Sacramento Jeepers, Inc. is sponsoring this historic run over the Henness Pass Road. This event is specifically designed as an overnight outing for SUV owners looking for a scenic drive through the Sierras with some mild four-wheeling and learning about some of California's transportation history. This two-day trip begins in Marysville, California and concludes in Virginia City, Nevada.

The Oregon Creek covered bridge, was constructed by hand in 1871. It is over 100 feet long and is still drivable today. It linked many historic Mining communities, via the Henness Pass Road, with the Comstock Mining area in western Nevada.

Due to a dam breaking upstream, the bridge broke away from its footings in 1883 and washed 150 feet downstream; turning it end-for-end in the process. It was replaced on its abutments, backwards, and remains that way to this day. The bridge is commemorated by a plaque. It is also a stop along the Highway 49' historic driving tour. Oregon Creek Bridge is located in the Oregon Creek Day Use Area, at the confluence of Oregon Creek and the Middle Yuba River, about 20 miles north of Nevada City, on Highway 49.


Located on one of the busiest crossroads of pioneer Nevada, this was the converging point for many major toll roads of the area. The earliest emigrants from the east crossed through Truckee Meadows at this point and by 1853 the intersection was known as Junction House, the first permanent settlement in this valley and a stopping place for thousands.

Junction House, later called Andersons, was a station for such toll roads of the 1860's as the turnpike to Washoe City, the Myron Lake road to Oregon, the Geiger roads to Virginia City and the important Henness Pass route to California. Governor Sparks bought the property in the late 1890's and more recently it belonged to cattleman William Moffa.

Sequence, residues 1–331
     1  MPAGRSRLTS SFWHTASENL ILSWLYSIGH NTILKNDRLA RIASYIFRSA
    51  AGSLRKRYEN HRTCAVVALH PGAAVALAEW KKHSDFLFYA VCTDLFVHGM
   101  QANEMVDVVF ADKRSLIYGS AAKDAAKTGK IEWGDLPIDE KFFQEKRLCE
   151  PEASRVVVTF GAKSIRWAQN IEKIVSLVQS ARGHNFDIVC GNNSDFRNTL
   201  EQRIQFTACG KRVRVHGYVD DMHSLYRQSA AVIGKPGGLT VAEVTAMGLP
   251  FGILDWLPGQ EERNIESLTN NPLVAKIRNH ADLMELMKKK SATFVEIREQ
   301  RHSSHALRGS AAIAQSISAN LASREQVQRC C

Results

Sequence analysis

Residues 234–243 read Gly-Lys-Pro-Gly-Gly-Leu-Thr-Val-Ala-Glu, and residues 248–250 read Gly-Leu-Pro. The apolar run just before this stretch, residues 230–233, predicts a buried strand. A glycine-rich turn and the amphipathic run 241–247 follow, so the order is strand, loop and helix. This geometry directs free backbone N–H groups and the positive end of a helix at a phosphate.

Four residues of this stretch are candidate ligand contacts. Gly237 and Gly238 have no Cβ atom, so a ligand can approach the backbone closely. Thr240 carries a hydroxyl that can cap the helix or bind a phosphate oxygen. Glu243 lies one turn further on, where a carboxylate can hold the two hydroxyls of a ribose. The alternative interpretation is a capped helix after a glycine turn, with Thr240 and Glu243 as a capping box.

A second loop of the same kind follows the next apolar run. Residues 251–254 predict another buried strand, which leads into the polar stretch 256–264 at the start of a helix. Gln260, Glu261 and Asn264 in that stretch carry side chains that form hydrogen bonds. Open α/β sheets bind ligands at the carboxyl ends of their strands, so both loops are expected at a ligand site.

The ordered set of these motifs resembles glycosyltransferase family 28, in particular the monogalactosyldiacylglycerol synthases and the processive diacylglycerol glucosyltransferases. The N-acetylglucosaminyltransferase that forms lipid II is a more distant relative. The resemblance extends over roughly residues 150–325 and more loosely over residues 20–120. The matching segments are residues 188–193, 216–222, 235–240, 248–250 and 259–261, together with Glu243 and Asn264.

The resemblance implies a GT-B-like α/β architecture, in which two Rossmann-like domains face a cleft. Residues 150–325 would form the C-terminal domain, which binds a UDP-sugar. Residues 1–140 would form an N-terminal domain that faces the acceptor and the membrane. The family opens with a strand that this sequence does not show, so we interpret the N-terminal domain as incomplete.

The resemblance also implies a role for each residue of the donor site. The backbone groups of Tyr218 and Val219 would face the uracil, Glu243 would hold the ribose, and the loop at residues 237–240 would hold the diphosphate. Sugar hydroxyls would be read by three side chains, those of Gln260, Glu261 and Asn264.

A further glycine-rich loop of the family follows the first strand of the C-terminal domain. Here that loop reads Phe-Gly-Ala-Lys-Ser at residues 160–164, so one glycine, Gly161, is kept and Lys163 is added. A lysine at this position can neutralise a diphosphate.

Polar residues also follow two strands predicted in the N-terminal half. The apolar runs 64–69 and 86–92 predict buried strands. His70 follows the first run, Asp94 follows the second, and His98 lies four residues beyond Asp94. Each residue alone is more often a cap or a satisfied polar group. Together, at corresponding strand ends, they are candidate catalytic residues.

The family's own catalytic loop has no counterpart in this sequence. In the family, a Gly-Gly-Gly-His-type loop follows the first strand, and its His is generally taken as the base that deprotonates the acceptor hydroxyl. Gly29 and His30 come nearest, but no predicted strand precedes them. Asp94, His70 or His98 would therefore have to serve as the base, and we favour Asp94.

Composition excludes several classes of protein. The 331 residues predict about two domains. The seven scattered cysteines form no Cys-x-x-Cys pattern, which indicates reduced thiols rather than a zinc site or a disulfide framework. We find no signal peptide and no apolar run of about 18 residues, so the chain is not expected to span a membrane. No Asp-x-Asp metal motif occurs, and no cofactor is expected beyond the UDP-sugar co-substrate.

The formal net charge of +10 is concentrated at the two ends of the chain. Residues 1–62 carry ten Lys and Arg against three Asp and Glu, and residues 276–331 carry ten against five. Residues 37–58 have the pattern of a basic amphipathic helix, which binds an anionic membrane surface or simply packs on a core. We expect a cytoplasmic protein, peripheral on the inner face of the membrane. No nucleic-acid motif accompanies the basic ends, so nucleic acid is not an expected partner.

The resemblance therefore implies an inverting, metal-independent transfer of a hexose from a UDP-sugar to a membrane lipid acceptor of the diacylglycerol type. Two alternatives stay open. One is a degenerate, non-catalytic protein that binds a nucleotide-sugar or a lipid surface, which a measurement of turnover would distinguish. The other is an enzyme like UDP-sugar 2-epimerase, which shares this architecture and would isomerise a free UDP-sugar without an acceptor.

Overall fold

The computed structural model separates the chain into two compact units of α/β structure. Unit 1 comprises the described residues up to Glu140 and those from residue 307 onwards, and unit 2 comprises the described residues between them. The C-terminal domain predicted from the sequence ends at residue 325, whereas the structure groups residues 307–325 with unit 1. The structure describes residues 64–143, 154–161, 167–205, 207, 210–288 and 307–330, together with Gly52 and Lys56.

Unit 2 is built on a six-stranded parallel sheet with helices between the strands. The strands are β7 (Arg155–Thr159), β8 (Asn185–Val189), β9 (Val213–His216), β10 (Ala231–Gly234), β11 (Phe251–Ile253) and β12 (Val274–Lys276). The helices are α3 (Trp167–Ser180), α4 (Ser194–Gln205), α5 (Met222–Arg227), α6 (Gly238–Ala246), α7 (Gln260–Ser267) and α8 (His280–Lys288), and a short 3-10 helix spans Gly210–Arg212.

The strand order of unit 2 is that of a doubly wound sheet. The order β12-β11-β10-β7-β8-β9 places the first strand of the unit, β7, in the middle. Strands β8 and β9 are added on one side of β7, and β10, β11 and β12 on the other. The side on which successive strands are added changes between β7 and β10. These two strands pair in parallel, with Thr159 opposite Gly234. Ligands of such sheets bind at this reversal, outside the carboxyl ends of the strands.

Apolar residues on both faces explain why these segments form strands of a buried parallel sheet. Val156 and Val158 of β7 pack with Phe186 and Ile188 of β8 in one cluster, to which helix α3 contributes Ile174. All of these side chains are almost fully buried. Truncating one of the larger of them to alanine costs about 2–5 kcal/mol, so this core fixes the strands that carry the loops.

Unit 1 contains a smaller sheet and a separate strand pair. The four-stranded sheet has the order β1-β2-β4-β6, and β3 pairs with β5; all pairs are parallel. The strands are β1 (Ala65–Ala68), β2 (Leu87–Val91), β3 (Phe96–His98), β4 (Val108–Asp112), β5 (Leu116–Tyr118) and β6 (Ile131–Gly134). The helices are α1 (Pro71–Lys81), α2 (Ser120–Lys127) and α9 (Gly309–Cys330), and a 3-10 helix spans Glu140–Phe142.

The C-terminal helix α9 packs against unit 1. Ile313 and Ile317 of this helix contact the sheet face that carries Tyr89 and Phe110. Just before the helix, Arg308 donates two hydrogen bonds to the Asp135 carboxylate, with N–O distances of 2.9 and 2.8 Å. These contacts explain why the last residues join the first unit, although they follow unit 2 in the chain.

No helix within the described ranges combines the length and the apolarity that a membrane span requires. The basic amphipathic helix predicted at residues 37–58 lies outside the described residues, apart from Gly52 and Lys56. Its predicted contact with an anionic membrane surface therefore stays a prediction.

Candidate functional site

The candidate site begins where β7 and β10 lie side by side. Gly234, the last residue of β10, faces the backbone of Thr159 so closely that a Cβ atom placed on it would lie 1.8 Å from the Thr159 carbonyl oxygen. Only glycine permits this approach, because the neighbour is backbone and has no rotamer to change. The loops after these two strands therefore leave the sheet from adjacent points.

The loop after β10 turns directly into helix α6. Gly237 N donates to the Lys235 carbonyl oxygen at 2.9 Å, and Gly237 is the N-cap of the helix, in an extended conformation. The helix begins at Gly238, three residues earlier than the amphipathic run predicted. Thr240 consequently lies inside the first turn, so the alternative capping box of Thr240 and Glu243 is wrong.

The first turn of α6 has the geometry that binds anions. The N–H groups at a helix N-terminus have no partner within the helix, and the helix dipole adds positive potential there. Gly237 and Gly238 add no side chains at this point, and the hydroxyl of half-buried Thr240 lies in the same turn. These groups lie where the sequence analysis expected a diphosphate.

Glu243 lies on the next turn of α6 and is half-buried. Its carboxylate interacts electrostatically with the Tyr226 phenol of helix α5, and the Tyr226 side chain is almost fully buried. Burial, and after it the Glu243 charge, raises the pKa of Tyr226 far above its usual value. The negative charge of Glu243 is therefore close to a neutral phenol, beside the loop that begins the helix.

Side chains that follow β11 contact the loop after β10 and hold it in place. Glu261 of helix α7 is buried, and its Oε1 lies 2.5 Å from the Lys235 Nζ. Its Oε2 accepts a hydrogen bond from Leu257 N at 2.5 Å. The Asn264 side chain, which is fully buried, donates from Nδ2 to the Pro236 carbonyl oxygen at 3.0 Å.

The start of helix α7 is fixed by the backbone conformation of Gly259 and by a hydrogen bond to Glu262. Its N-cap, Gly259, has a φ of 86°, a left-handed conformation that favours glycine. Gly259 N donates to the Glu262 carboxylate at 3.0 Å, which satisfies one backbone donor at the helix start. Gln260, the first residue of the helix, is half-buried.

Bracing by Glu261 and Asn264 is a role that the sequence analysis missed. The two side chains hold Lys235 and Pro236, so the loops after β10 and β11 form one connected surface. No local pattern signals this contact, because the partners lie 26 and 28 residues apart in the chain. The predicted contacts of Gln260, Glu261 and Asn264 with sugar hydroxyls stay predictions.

Modern Verdi came into being with the construction of the Central Pacific Railroad through Nevada in 1867-69. It became a major mill town and terminal for the shipment of ties and construction timbers, with a network of logging railways reaching into the timber north and west of here.

In 1860, a log bridge was built across the Truckee River near where Verdi is now located. Known as O'Neil's Crossing, the site served as a stage stop during the 1860's on the heavily traveled Henness Pass turnpike and Toll Road and the Dutch flat and Donner Lake Road.

In 1864, the Crystal Peak Company laid out a town on the site some two miles from Verdi's present location. The company owned mining and lumbering interests near the settlement which was then called Crystal Peak. Verdi remained an active lumbering center into the twentieth century due to the exertions of men like Oliver Lonkey of the Verdi Lumber Company. A disastrous fire in 1926, plus depletion of timber reserves, resulted in Verdi's decline.

Required Equipment: Tent - Sleeping Bag - Cooler - Folding chairs - CB Radio
(A Citizens Band radio is required for the narration portion of the tour and to advise participants of tour stops and/or emergencies)
The Sacramento Jeepers have a limited number of loaner CB Radios available.
Please contact us if you need a loaner CB Radio for the trip.

Recommended Equipment: Camera - Binoculars - Jacket (for evening) - Moist Towelettes